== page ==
• This assignment is meant to be completed individually or in pairs, under the Consultation model of collaboration as per the Computing Science Department Course Policies.
  • You must not upload binary files or large text files of any kind to your GitHub repository.
  • Your answers must be on the GitHub repository created by following the instructions on eClass.
  • That repository already has the folder structure for the assignment. DO NOT MODIFY that directory structure.
  • Remember to submit the URL of your repository through eClass before the deadline.

Learning Objectives

XML is a versatile markup language suitable for encoding almost any kind of data there is, from structured data (e.g., relations) to unstructured data (e.g., emails, books, etc.). XML is widely supported by commercial DBMSs out there and has found many applications outside the realm of database systems.

This assignment is intended to provide you with an opportunity to:

  1. Get an introduction to XML and two of its main query languages, XPath and XQuery.

Required Reading:

The following reading is required for you to complete the assignment:

  1. XQuery: A guided Tour. Chapter 1 of XQuery from the Experts: A Guide to the W3C XML Query Language. Follow the instructions on eClass to access this resource.

The following should be used as a guide and reference:

XQuery processor

You will use Zorba, a modern and highly optimized XQuery processor. It has been installed in the lab machines under the executable zorba. However, you are encouraged to download and install it on your laptop.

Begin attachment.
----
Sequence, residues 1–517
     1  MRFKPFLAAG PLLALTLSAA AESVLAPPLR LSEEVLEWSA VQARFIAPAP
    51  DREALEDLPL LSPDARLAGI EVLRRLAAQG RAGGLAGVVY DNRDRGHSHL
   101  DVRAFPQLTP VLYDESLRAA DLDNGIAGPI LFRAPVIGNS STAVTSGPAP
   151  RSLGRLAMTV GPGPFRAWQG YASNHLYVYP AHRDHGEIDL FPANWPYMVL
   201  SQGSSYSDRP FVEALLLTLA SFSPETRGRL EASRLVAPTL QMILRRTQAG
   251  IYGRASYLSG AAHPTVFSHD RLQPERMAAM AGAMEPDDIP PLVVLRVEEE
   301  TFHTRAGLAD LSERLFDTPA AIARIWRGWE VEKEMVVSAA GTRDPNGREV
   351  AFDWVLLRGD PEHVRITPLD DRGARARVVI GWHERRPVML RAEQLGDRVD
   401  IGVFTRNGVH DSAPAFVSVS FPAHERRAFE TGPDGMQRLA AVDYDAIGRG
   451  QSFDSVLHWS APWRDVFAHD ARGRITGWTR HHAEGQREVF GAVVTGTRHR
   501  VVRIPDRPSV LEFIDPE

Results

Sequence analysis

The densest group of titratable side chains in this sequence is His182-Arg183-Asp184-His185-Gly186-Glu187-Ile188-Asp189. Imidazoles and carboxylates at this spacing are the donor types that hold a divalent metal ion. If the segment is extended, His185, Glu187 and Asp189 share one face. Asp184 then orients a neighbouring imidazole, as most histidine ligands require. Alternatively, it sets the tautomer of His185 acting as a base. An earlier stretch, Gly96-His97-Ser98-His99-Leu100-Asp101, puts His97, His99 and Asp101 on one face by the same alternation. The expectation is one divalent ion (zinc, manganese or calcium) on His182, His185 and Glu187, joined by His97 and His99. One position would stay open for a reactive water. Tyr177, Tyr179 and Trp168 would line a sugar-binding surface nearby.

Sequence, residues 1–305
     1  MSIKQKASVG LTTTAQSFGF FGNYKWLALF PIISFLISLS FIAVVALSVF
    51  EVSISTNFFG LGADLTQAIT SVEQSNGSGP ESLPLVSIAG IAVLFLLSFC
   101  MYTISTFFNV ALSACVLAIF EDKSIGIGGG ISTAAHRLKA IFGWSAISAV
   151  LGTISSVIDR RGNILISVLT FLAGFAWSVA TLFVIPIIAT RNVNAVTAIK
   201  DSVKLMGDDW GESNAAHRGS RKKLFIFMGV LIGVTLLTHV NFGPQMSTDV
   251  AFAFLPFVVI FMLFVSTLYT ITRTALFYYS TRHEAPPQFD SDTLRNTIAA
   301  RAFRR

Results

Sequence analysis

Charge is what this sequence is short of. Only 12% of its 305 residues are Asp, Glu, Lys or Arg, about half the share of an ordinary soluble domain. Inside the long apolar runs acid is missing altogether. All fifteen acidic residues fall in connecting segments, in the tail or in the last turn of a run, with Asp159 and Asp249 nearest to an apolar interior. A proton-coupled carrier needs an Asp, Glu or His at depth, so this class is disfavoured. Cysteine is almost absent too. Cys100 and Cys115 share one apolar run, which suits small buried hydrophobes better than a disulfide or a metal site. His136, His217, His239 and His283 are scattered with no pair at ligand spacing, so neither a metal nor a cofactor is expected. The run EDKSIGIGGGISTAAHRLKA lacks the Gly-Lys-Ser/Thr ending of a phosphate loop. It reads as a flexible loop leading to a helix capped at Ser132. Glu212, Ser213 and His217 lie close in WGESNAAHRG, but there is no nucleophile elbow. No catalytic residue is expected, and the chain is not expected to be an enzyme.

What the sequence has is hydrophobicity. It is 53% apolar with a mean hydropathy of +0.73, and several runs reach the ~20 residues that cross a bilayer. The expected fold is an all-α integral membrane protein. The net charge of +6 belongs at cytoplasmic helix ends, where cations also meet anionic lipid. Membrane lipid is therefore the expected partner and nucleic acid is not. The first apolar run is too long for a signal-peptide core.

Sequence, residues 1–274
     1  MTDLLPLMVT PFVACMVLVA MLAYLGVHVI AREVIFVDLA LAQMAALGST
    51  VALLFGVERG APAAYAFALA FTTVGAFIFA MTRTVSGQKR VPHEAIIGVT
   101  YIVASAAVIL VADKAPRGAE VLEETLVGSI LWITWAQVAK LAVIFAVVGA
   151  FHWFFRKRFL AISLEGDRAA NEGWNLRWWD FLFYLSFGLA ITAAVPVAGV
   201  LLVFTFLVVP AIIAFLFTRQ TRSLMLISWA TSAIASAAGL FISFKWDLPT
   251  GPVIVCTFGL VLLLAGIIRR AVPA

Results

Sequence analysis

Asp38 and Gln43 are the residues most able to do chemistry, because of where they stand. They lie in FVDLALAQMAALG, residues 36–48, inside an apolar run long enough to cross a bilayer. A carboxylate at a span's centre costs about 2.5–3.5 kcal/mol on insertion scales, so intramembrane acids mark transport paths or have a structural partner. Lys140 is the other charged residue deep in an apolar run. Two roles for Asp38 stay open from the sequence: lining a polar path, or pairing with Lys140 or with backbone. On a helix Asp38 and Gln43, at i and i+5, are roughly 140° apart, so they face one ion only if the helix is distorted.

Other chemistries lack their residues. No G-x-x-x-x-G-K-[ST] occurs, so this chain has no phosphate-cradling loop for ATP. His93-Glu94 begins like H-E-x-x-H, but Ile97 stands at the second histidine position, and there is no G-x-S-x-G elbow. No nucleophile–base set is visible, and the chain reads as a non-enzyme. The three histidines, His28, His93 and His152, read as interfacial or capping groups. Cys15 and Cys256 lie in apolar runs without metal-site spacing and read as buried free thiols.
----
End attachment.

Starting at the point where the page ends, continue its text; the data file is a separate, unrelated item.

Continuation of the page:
The TAs will grade your queries using Zorba.


For this gentle introduction to XML and XQuery you are given a small dataset with data for 81 movies to practice your queries. Download it from eClass. Your submission will be graded on a much larger XML file (also available on eClass) with the same structure.


Write XQuery scripts that answer the following 5 questions using the file large.xml. Commit your queries on GitHub with the appropriate filename. Each answer should go in a separate folder. Document your query in the file inside that folder and add a video explaining your solution if you worked in a pair.

1 mark each:

q1/answer.xq -- How many comedies with average ratings higher than 7 are there in the file?

q2/answer.xq -- What is the average rating of all movies with Bill Murray?

q3/answer.xq -- Who is in the cast of "Lost in Translation" and which characters did they play in the movie?

2 marks each:

q4/answer.xq -- Who directed the most movies with the word "love" in the title? Your query must ignore the casing of the letters in the words.

q5/answer.xq -- What is P(R in USA | PG in United Kingdom)? In other words, what are the odds that a movie is age-certified as R in the USA given that it is age-certified as PG in the United Kingdom.